`Apprentice' manages mythic, cheesy finale

April 16, 2004|By David Zurawik | David Zurawik,SUN TELEVISION CRITIC

And so it came to pass that the final two were sent out into the Kingdom of Trump to undergo tests to determine which was worthy of a seat in the great conference room in the castle of the king of American commerce.

That was the symbolic story of last night's finale of the season's red-hot reality TV phenomenon, The Apprentice, as Kwame Jackson, a Harvard M.B.A., and Bill Rancic, founder of a cigar company, went head-to-head to win a $250,000-a-year job working for Donald Trump. They were the last of 16 contestants who came to the steel-and-glass Manhattan castle known as Trump Tower back in January - a journey watched by as many as 20 million viewers a week.

Trump chose Rancic as his apprentice 92 minutes into a two-hour show that went from mythic to infomercial and then a little bit of Jerry Springer before it was over. It was interrupted for commercial messages more often than the Super Bowl, with clusters of as many as 10 ads or promotional messages at a time running every 10 minutes.

The mythic part involved Jackson being sent with a team of three contestants whom Trump had previously fired to stage a Jessica Simpson concert at the Trump Taj Mahal in Atlantic City, while Rancic and a team of three ran a charity golf tournament at one of Trump's country clubs. They were knights of American commerce sent out to be tested in battle.

Meanwhile, King Trump and two trusted members of his court - senior counsel George Ross and Carolyn Kepcher, chief operating officer of Trump's country clubs - were waiting back in his boardroom to judge them. And outside of the obscene commercial clutter, all of that was fine - or at least consistent with what made the show such a success with viewers. As exploitative as creator Mark Burnett can be, one has to acknowledge the brilliant way The Apprentice tapped into some of the deepest-held American beliefs about business and competition.

But once Trump made the choice of Rancic, The Apprentice deconstructed before our eyes into pure cheese.

The panels of the boardroom that Burnett had made a place of judgment and seat of power were pulled away to reveal a live studio audience on hand at NBC's Rockefeller Center. With that, Trump took center stage and, like a daytime game show host, launched into some of the most unabashed self-promotion prime-time television has ever seen.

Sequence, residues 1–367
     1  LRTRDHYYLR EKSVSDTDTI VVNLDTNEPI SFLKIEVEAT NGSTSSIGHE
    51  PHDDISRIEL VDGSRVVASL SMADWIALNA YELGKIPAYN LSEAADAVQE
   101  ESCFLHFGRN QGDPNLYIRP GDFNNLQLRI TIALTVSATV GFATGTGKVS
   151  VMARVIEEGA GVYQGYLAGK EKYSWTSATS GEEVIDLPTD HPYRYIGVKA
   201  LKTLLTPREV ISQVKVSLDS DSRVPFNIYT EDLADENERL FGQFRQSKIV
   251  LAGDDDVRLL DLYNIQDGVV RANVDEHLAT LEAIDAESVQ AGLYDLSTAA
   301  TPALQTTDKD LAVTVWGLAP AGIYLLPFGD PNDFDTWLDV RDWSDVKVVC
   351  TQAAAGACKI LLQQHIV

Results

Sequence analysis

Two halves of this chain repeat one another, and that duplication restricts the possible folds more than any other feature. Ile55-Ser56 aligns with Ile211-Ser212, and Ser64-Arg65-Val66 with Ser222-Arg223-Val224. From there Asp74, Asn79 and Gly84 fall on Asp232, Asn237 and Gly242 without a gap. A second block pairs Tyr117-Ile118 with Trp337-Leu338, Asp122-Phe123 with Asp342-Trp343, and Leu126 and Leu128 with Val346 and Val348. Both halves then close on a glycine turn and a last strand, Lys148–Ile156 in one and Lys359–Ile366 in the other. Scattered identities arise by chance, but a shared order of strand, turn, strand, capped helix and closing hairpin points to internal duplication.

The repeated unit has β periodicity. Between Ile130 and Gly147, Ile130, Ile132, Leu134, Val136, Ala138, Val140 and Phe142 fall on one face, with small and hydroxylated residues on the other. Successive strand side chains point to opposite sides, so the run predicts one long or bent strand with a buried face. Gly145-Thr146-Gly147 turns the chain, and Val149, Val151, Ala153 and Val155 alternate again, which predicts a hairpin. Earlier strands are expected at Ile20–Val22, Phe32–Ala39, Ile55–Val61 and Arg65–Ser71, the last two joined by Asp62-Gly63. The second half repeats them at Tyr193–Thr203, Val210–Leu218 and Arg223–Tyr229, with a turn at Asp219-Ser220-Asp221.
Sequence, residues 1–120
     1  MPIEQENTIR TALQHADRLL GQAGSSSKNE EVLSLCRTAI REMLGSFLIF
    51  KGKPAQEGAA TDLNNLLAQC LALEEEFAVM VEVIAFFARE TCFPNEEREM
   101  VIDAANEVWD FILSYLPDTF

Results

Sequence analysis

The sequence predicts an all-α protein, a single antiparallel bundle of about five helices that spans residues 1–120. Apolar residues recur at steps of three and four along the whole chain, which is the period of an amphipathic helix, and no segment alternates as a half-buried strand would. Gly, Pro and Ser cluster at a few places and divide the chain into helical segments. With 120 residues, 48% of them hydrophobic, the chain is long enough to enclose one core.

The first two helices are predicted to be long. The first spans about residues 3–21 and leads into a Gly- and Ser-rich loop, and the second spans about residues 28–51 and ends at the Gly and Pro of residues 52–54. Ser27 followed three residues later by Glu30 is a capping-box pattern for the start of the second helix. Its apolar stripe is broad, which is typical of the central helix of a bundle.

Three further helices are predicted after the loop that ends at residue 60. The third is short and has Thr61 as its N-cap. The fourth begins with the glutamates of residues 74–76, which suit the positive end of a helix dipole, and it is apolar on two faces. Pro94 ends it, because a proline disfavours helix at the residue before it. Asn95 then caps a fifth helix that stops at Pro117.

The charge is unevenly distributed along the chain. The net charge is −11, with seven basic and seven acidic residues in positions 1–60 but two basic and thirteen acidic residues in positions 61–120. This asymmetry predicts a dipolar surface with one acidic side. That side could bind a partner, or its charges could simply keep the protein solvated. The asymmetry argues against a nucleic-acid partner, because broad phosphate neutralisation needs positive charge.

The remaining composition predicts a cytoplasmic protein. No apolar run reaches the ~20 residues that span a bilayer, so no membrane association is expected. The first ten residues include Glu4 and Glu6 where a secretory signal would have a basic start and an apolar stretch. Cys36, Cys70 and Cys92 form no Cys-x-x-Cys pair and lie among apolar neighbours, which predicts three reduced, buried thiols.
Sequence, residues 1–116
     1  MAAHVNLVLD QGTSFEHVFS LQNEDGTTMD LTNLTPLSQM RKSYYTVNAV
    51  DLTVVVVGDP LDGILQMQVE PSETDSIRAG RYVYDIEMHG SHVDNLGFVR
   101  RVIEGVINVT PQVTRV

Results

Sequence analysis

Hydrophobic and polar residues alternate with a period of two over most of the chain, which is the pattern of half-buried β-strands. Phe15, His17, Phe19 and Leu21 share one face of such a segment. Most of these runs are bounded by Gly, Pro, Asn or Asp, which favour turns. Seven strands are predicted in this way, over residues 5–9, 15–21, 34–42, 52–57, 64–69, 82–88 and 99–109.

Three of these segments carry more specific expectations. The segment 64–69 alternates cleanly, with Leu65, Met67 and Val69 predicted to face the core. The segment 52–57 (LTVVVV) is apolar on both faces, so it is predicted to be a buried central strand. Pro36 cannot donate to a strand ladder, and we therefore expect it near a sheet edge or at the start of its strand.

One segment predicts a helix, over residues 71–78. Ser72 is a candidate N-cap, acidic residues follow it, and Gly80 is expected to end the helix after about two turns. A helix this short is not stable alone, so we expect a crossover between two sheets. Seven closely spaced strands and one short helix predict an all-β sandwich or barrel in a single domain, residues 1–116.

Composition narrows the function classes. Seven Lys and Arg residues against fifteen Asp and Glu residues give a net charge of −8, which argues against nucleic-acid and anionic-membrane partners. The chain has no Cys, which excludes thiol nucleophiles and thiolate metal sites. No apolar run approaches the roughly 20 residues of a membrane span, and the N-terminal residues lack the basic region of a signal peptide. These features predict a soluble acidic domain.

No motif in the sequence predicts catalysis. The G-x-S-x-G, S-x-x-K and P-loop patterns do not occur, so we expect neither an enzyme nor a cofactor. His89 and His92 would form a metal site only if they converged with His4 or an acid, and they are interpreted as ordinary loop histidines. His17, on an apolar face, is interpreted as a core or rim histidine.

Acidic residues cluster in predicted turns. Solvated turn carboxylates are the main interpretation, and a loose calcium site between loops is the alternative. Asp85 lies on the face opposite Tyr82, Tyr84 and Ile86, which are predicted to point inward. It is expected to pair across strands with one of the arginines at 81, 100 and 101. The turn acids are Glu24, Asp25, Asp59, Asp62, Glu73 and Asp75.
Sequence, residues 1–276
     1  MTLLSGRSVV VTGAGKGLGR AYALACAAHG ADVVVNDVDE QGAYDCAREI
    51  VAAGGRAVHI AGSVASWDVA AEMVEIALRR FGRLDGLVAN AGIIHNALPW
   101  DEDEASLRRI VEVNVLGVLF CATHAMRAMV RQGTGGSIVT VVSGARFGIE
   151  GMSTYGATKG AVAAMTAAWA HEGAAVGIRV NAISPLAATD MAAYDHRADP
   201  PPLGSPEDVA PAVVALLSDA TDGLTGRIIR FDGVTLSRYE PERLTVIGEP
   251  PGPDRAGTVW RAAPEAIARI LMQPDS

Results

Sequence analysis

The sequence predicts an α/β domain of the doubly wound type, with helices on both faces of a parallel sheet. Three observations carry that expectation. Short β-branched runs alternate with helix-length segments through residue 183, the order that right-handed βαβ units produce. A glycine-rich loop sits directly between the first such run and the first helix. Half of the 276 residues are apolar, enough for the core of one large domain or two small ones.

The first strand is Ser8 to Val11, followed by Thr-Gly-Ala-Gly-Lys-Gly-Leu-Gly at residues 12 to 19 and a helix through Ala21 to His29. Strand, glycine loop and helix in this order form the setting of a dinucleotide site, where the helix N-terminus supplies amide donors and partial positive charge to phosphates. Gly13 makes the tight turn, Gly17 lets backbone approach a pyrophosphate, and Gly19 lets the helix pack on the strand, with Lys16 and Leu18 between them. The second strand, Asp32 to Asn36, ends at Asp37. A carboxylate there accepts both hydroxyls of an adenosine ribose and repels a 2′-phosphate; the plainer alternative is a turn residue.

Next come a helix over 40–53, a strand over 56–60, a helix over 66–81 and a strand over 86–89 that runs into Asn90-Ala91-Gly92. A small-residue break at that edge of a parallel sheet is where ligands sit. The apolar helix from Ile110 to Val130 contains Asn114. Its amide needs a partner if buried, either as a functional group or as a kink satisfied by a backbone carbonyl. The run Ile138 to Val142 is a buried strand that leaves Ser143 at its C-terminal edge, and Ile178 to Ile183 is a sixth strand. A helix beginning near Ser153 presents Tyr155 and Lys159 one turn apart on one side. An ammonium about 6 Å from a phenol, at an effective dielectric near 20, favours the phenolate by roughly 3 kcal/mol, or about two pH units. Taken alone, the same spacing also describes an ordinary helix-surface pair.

He was ostensibly giving Rancic three minutes to choose one of two jobs as his prize: managing a new Trump Tower in Chicago or a new Trump country club on the Pacific. But the language Trump used - ""a spectacular building project that will result in one of the world's greatest towers setting new standards of architectural excellence" - was the lexicon of the infomercial. The promotional pictures NBC let him air were an infomercial.

Rancic chose the Chicago job because he's from Chicago. But Trump, the carnival barker, was only warming up. He thanked Chrysler for sponsoring the show, handed Rancic the keys to one of its cars, and then went into a promotion for the second season of The Apprentice.

But the worst transformation of the production was yet to come, as the 14 contestants who had been fired by Trump were brought onstage seated across from Trump. This was Trump performing with the group as Jerry Springer does with his guests - particularly when he asked former contestant Ereka Ventrini what she thought of Omarosa Manigault-Stallworth, who was seated next to her.

Manigault-Stallworth, who is African-American, had alleged after Trump fired her that Ventrini had used a racial epithet in speaking about her. Vetrini, Burnett and Trump all denied it. On last night's show, the cameras caught Manigault-Stallworth in a lie.

"She's a liar, and I've known that a long time," Vetrini.

Maybe Manigault-Stallworth deserved to be The Apprentice's Richard Hatch - the person in Burnett's first Survivor whom viewers were given license to hate. But this exchange led by Trump with the two women seated side by side seemed like pure exploitation of race to stir conflict.

As bizarre a production as it was, the two hours had a weird unity, ending back on the mythic with Trump on his throne behind the great table, waving his right hand majestically back and forth to the NBC studio crowd like a king or a pope - a sign that all was right in the Kingdom of Trump and we could go all go to bed and sleep warm.

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